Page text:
University Campuses In England ‘Won't Reopen Until Mid-May’ | TOTUM
Ben Hayward April 12th

Ministers are set to confirm that university campuses in England will not reopen until mid-May at the earliest.

With schools and colleges now open for face-to-face teaching, the delay to campus reopening will further frustrate students who have already missed out large parts of their education while still footing both tuition and accommodation costs in many cases. 

According to the Guardian, university leaders were hoping to persuade the government to ease the restrictions on higher education in line with the reopening of pubs, non-essential retail and salons this week.


However, it’s understood that ministers rejected the request, instead favouring a later return which will see the vast majority of students unable to return to campuses before May 17th, when most universities will have already finished their teaching year.

Writing to Boris Johnson, Professor Julia Buckingham, the president of Universities UK, said it was ‘illogical’ to open shops, personal care businesses, gyms, spas, zoos, theme parks, public libraries and community centres yet prevent students from returning to their studies.

Prof Buckingham said: “This is another blow for those students who have been studying online since early December, and you will be aware of many studies highlighting the impact on students’ mental health, wellbeing and development.”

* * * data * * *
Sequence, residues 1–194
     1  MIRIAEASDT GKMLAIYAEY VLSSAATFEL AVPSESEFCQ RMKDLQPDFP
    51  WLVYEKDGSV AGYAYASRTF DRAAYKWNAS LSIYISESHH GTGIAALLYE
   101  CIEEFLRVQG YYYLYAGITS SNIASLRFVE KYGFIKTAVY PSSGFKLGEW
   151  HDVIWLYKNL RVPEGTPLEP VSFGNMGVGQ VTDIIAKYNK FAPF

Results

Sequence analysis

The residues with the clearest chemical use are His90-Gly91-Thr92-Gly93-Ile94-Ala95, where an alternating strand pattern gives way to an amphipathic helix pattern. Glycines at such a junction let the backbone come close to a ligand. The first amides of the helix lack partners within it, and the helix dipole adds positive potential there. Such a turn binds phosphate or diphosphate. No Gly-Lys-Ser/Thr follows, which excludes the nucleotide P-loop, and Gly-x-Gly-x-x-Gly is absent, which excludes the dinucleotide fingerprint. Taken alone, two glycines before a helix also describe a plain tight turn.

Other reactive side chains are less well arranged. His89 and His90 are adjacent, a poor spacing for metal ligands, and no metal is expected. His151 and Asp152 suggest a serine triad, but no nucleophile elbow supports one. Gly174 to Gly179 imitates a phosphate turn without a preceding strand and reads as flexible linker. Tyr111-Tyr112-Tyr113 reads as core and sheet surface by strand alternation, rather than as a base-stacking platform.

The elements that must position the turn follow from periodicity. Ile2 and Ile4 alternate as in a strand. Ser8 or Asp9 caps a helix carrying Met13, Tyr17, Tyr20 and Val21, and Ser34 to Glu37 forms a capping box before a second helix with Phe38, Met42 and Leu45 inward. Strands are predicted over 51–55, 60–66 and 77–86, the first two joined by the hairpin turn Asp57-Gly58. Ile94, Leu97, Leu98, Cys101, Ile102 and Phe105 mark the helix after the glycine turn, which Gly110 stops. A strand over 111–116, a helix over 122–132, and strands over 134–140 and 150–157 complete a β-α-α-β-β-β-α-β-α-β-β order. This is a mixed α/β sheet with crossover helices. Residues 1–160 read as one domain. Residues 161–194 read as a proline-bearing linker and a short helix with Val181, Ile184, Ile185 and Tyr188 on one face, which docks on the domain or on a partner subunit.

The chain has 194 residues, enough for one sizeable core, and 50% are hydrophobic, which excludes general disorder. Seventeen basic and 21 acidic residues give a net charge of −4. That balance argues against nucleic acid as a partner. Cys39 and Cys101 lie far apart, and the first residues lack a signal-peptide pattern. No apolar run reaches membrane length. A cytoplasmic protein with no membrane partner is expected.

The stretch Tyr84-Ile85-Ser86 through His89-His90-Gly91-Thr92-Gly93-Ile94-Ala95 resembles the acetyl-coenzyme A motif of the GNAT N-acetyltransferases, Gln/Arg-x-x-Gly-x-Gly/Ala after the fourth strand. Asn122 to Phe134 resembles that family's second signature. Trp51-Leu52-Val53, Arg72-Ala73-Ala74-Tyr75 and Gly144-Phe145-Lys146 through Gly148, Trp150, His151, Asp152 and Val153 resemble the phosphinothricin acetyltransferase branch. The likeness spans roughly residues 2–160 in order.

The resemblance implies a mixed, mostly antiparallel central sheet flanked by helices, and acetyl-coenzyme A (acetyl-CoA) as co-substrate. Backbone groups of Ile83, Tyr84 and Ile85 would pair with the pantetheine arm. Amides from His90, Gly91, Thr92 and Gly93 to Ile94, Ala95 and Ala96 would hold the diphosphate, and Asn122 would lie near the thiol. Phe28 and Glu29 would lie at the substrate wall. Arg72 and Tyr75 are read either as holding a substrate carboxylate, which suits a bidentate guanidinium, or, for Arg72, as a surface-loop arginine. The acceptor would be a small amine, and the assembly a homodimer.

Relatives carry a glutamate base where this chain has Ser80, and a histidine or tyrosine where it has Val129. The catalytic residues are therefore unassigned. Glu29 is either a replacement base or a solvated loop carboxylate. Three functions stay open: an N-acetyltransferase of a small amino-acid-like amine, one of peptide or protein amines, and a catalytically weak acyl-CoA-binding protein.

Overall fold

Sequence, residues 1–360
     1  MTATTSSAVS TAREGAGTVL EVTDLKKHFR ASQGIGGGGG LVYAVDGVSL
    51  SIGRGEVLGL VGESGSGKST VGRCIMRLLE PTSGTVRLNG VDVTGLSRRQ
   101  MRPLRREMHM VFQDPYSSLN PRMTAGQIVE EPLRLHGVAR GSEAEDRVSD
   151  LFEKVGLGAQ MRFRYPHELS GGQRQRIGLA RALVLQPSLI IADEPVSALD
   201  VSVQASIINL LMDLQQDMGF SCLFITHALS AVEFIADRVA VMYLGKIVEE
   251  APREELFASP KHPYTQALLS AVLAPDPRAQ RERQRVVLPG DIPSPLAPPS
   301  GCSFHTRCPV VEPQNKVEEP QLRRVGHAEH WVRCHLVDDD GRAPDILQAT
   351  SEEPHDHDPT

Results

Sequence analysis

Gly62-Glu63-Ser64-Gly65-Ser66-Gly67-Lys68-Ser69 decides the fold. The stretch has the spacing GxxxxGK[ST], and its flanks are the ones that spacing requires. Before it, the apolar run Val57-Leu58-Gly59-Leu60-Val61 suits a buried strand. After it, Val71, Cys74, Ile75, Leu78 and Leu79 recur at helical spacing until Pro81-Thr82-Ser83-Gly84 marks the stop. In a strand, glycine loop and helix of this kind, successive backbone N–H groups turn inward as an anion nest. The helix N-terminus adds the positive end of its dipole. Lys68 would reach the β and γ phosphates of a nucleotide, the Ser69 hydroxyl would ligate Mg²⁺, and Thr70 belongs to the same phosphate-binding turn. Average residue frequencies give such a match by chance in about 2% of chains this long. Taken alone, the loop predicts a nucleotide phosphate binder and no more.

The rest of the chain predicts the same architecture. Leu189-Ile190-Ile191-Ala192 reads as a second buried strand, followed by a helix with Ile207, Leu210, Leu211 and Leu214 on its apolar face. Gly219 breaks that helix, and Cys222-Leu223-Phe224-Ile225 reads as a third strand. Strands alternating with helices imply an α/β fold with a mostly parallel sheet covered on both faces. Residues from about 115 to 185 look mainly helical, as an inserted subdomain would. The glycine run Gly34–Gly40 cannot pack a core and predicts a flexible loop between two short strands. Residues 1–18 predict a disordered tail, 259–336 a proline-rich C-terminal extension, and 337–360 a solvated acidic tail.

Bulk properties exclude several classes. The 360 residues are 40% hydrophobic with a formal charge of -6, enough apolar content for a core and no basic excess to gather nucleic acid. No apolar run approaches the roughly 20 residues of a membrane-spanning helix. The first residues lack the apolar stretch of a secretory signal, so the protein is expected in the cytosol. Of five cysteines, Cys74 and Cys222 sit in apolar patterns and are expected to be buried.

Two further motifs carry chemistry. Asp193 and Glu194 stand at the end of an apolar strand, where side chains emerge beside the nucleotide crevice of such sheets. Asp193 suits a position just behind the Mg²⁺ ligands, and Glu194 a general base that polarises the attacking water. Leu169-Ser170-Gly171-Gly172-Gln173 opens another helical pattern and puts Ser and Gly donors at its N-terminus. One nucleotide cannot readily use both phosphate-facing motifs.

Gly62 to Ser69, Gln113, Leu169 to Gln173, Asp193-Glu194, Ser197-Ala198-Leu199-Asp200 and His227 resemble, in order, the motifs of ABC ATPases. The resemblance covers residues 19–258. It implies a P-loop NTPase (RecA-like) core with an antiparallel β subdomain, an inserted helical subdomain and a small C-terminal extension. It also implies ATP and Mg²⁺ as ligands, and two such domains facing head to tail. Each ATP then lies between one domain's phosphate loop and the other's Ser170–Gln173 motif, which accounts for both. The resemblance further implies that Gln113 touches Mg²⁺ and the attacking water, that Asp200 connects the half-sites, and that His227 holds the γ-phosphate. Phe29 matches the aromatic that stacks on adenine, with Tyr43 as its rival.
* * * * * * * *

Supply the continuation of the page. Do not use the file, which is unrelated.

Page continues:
Hillary Gyebi-Ababio, the National Union of Students vice-president for higher education, said: “Students have missed out not just on huge swathes of education and hands-on experience this year, but on huge parts of campus life, on top of now learning from cramped homes and bedrooms.”


Sir David Bell, the vice-chancellor of Sunderland University, said if confirmed, a delay until May 17th was 'deeply disappointing and, frankly bizarre'.

Sir David added: "I support very strongly the reopening of pubs, shops and hairdressers, many of which will be used by students. But then to deny the very same students the right to continue their studies on campus points to incoherence of decision making at the very heart of government.”

Students who feel their experience has been unacceptable can seek the Office of the Independent Adjudicator, who published example case studies suggesting students could be offered refunds even when not legally required to do so, although universities are said to be worried that a large volume of successful claims could threaten their finances.


The Department for Education was unable to confirm arrangements for universities to reopen, with a spokesperson previously saying: “Students on practical and creative courses started returning from 8 March, and we will be reviewing options for the timing of the return of all remaining students by the end of the Easter holidays.

“Decisions will take into account the need to protect progress across the wider roadmap out of the pandemic, including the spread of the virus in communities and pressures on the NHS.”

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